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13-Year Old Designs Revolutionary New Solar Power Collector

Aidan Dwyer, 13, discovered that tree branches are arranged according to the Fibonacci sequence. Now this has been known since the Eighteenth Century, but Aidan arrived at that conclusion through his own observations. He speculated that trees evolved into this pattern because it presents an efficient means of acquiring solar energy. If so, could he built an efficient solar energy collector in the same pattern? The answer was a definite 'yes', and his efforts have led to a new type of solar power collector:

First he determined the ratios representing the spiral pattern of the leaves and branches on an oak tree, using a cylindrical double-protractor tool of his own design. Then he copied the pattern using a computer program, and built an oak tree-shaped solar array out of PVC pipe. He next built a flat-panel array mounted at 45 degrees, like a typical home rooftop array, and attached data loggers to each model to monitor voltage.[...]

He determined the tree’s Fibonacci pattern allowed some solar panels to collect sunlight even if others were in shade, and prevented branches on a tree from shading other branches.

http://www.popsci.com/technology/article/2011-08/13-year-old-designs-breakthrough-solar-array-based-fibonacci-sequence | Photos: Young Naturalist Awards

No to be too harsh, the kid is after all only 13 but this "experiment" is completely bogus.

His observations on actual energy output is completely wrong, his math is wonky, and the conclusions he's drawn are not only wrong, not only against common sense, but are UNPROVABLE in any scientific way.

There is no WAY (and that's backed by science, physics, electromechanics, and math) that a non-optimal focused solar panel will generator (i.e convert) more power then one that's directly focused to maximize the exposure to sunlight.

The kid bases most of his observations on measuring the energy output WRONG. He measures voltage in a load-less environment. Solar cells have an almost consistent voltage no matter what the output (i.e. independent of power). Solar cells deliver a semiconductor-esque non-linear Current-Voltage curve.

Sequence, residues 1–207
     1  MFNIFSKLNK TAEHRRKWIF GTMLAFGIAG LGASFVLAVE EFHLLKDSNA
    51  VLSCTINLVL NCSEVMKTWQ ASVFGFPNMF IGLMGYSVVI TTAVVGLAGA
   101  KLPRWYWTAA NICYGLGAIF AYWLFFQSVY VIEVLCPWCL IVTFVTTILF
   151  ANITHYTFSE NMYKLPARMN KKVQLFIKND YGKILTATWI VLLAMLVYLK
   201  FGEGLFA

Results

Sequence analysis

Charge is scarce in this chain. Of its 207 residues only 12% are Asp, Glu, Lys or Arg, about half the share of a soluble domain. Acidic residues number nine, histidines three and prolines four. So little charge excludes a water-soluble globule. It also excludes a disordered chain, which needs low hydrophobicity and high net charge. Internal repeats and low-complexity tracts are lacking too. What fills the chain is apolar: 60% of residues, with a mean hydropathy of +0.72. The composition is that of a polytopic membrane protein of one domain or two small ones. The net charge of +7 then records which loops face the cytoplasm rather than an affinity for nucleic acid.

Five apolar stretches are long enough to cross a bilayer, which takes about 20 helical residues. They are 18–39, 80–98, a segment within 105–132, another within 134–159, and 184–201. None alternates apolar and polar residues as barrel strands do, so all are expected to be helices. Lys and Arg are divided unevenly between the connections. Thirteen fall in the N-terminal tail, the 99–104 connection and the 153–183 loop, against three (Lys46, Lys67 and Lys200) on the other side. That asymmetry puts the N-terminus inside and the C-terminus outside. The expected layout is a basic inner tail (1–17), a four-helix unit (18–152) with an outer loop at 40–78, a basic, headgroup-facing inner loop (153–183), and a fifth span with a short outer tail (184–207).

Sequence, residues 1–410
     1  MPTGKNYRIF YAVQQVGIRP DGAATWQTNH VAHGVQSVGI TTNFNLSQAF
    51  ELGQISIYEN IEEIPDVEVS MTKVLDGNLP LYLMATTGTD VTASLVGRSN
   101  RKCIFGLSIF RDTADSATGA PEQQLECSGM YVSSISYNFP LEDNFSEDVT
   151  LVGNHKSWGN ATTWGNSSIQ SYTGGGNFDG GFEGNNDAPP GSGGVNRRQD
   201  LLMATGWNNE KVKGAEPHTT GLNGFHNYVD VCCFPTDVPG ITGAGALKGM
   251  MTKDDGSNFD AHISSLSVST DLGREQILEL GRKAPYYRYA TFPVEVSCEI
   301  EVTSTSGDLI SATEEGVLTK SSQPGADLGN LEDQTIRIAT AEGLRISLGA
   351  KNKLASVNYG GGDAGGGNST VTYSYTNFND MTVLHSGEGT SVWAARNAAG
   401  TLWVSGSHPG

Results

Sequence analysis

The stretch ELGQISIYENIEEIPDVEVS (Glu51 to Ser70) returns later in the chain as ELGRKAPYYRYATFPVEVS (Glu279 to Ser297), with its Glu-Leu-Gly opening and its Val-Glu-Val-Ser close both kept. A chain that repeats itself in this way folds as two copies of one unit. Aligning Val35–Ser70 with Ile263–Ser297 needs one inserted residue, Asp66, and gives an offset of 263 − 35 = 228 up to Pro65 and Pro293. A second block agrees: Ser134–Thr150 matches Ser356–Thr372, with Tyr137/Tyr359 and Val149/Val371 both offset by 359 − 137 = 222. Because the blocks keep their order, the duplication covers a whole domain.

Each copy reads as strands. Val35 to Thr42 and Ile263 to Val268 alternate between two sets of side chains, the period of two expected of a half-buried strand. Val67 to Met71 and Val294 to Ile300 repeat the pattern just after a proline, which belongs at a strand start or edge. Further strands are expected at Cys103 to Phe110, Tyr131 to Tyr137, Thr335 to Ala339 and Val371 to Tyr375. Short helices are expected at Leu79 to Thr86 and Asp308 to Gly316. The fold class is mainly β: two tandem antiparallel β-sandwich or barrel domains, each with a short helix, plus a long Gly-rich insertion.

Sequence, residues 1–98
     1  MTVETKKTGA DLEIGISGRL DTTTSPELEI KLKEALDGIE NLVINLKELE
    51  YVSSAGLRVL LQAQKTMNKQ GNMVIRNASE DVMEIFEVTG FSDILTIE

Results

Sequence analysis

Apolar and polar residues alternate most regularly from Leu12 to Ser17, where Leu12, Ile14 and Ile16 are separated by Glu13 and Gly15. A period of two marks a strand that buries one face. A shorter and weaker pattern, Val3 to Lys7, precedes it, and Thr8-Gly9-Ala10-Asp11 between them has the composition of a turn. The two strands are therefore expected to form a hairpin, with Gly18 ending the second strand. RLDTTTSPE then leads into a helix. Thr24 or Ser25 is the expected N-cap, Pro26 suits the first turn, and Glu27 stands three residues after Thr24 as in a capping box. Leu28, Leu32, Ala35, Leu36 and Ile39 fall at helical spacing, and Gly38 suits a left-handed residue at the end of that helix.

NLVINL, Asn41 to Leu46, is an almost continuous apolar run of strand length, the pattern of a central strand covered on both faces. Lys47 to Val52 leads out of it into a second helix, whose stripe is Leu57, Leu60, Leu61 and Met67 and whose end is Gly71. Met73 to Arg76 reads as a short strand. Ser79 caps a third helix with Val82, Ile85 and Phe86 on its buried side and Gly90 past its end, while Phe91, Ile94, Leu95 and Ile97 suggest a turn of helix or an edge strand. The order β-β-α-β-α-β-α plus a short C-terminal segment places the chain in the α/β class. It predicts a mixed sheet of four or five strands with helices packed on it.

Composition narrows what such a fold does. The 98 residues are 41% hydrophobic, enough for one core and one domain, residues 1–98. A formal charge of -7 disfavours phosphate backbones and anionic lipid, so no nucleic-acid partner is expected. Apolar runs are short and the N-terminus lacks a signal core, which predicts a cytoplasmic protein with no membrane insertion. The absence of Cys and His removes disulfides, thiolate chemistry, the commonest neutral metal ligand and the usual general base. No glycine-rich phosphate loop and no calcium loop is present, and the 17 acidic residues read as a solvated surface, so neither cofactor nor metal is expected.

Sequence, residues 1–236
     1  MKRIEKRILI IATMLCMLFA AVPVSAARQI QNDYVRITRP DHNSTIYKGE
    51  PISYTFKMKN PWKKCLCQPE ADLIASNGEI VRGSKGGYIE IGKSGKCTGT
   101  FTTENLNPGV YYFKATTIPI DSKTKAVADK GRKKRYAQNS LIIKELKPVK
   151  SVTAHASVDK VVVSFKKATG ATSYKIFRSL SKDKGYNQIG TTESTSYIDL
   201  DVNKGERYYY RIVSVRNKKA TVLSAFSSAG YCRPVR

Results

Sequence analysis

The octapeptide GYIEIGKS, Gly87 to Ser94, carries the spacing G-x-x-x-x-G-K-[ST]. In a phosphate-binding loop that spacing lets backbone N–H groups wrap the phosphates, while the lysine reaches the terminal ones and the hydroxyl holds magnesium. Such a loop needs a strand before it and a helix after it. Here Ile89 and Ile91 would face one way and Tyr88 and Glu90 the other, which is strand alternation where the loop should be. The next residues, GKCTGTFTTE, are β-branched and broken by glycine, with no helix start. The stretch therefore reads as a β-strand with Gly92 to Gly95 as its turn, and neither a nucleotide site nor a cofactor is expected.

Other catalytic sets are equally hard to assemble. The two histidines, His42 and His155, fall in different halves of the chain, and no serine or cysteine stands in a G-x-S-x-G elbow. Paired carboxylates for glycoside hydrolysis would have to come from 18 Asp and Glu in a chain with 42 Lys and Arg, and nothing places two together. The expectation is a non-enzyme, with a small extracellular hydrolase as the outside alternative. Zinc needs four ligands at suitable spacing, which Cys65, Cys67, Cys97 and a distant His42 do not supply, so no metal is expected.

So what he measured, and then based his conclusions on is junk data. It has nothing to do with the actual power conversion of the two types of solar panels (one flat panel, 45 degrees, conventional array, and one "big new discovery" non-optimal "mystery of Fibonacci" magic tree array.

It's expected that the popular press be way too stupid to understand the science, but the kids science teacher/adviser should have spotted the glaring errors in the kids ASSUMPTIONS (not proof) and reigned him in.

Now both the kid and anyone that has "gushed" over this "vast new discovery" just plain looks stupid.

Geesh people, learn some basic science.
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I also wondered if he's homeschooled.

I have mixed feelings about his project, which I read on http://www.amnh.org/nationalcenter/youngnaturalistawards/2011/aidan.html.

Basically I think it's an OK project for a 13 year old, and probably much more interesting than anything else you'd find in a science fair. He wove a good background story, and I have no idea if he just copied Eden Full's project of 5 years ago - http://apps.ysf-fsj.ca/virtualcwsf/projectdetails.php?id=583&switchlanguage=en - winner of over CAN\$4,000 in prizes - or genuinely came up with it himself.

But there are fundamental improvements that should be/have been made, and yes, his science adviser really should have picked up on them.

Measuring the power output would have been better, but voltage is much easier to measure accurately, and he's only 13. I think Vonskippy has said enough about that.

My main problem with it is the experiment he ran doesn't show the Fibonacci Series has anything at all to do with the tree performing better. He seems to have missed the point of what a control is for. A meaningful experiment would have pitted a randomly arranged tree against a Fibonacci arranged tree, with all the leaves at the same angles (to show it's only the Fibonacci spacing making a difference), or a flat array against a convex array that had panels pointing at a wider portion of the sky (a flat array will only be optimal at one time of the day, for one part of the year).

And there are questions that remain unanswered. Why does the tree look like it has twice as many solar cells? How did he decide what angle at which to place the cells? Did he try it in a location which didn't have a big diffuse reflector (the house wall) lending assistance to just one of the solar panel arrays? [Facepalm.]

It's hard doing the perfect experiment when you're 13.
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